And you’re totally right – money is definitely way better spent on experiences than on unnecessary material items!

      Sam xx

  • I want to travel but I’m not even 100% sure where. I love that you’ve trolled the planet. That’s amazing! I’ve traveled but it was mostly when I was younger. I have been saving but with no real reason. I do the automatic transfer and the money built up pretty quickly. I was surprised when I finally looked in the account and the high interest didn’t hurt either. You’ve totally inspired me to put more away at a time. I hardly miss the money that’s being saved now. What’s a few more dollars? Thanks again for the great advice!

    • Hey Tiffany 🙂

      That’s so good that you don’t even know where you want to travel but you’re doing the automatic transfer thing anyway. I found that once I’d already started it was fairly easy to gradually increase the amount I was putting aside – you start to get used to living off less and barely even notice the extra money is gone (until you look into your savings account and actually have something to show for all your hard work).

      Sam xx

  • great tips! literally, i love all of the thought you put into all of this. definitely going to have to bookmark this post so i can save as much as possible! love it!

    and love the blog btw! if you get the chance i would really love it if you could take the time to check out mine and let me know what you think! (or maybe even follow? no pressure though!)

    have a great week, girl!

    love, rach.

    So, hi.

    • Hey Rach

      Thanks so much for your comment! I’d love to hear how you go with using it to save some money for travelling

      Sam xx

      P.S. I’ve checked out your blog – it looks great 🙂

    • Hi Cristina

      Thanks so much! I think it’s so important to put money aside for ‘treats’ and things that give us the feeling that we’re not missing out on anything – it sounds like you already know everything you need to to save some serious money for travelling!

      Sam xx

  • Hey Sam!

    I have to say, I am quite impressed with how much money you were able to save! Honestly, being the basic student I am, I tend to lean on my parents when it comes to funding my overseas studying/travelling. I do feel like I could do more to be financially independant, I just did not know where to start… Your post gave me such a wake up call (I can’t depend on my parent’s money forever) and a boost to get started! Thank you so much for this!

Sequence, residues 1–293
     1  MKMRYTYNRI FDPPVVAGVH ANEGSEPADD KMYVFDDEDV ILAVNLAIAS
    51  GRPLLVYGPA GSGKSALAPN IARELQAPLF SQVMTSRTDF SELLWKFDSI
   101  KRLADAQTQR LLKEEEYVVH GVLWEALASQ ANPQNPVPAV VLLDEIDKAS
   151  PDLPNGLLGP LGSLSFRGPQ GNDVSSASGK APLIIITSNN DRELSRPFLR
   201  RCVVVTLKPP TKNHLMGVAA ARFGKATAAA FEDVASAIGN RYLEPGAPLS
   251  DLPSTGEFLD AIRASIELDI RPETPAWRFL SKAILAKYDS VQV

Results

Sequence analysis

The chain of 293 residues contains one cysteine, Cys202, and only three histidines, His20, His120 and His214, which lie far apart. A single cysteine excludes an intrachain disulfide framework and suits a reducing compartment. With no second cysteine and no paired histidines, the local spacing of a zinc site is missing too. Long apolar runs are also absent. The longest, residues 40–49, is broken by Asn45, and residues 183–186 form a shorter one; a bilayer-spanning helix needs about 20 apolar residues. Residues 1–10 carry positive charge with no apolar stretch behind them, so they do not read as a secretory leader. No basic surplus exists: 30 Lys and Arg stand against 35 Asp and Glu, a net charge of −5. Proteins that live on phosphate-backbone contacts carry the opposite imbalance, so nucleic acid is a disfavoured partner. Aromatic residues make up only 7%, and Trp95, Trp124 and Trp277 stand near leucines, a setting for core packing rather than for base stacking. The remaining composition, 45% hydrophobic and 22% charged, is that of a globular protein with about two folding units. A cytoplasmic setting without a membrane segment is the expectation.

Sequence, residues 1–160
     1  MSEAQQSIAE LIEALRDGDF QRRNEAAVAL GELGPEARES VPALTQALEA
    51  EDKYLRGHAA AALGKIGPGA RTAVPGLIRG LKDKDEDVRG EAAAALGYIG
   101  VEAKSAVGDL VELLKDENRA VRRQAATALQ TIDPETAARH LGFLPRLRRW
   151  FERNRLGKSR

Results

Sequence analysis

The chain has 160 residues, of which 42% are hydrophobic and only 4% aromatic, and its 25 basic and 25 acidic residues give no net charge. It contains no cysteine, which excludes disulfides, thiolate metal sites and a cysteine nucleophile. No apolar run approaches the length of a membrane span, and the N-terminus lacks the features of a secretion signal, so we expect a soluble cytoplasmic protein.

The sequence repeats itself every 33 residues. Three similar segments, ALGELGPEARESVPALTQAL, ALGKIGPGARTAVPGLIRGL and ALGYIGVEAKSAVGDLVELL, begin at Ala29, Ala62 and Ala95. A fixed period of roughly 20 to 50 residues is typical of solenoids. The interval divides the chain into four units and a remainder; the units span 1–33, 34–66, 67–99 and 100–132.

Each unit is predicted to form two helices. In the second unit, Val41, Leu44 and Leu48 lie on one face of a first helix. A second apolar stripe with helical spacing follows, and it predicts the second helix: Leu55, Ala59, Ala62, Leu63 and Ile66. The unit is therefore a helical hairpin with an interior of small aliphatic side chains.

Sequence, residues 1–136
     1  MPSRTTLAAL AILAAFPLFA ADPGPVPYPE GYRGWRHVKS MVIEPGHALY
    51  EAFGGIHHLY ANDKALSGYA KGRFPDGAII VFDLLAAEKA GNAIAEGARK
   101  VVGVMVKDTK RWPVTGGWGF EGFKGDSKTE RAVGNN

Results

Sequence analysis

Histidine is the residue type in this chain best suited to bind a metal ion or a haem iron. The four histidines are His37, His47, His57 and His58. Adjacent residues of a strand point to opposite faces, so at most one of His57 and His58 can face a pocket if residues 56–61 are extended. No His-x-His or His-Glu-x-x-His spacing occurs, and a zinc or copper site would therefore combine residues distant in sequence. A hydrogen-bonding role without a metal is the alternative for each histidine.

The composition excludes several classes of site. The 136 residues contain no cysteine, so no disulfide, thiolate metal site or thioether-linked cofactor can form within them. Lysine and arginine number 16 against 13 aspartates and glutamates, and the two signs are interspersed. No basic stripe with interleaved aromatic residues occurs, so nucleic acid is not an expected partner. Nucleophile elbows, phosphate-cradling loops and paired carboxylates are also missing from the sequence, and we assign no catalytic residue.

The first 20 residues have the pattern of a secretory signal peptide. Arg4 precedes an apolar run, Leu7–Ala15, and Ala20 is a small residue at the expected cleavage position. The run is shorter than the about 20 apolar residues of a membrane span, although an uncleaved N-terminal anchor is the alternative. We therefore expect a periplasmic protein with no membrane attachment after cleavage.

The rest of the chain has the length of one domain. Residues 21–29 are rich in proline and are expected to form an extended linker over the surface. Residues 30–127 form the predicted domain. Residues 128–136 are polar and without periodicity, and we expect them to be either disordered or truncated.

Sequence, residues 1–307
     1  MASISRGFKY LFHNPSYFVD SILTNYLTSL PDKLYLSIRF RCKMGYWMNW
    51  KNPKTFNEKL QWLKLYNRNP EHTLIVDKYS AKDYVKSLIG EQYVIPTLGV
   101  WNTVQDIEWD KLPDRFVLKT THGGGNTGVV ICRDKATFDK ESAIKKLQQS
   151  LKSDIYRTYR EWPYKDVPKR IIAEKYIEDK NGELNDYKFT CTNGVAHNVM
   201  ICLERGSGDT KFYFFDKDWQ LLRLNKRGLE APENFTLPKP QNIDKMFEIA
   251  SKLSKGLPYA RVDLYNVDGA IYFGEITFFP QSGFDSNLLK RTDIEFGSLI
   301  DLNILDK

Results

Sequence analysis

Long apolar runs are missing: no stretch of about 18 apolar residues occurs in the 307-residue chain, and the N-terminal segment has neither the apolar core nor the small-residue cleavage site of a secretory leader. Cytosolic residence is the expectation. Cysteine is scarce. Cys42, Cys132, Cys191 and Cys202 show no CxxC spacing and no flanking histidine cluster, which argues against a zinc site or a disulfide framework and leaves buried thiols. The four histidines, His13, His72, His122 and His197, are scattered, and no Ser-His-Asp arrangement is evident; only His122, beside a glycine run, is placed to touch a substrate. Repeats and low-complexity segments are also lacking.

I do hope you will have the amazing trips you deserve (and maybe post some photos on this blog?)!

    I wish you all the best,


    • Hey Astrid

      Thanks so much 🙂 I know what it’s like to have that feeling of dependence and I think it can be hard to learn to depend on ourselves, if not only because we’re in the habit of asking for money instead of creating it for ourselves (especially when you’re a student it can feel like you don’t have the resources to make that money for yourself). I think the best way to start looking after yourself is to make small changes in the right direction 🙂 maybe start with doing setting up the automatic transfer to a savings account.

      I’ve just put up a post about my trip to Peru (with some photos too!)

      Sam xx

  • I am in love with your blog. Feels like you are on a mission from some higher divine place to always deliver the perfect message at the most perfect time specifically for me tehe … xoxoxoxo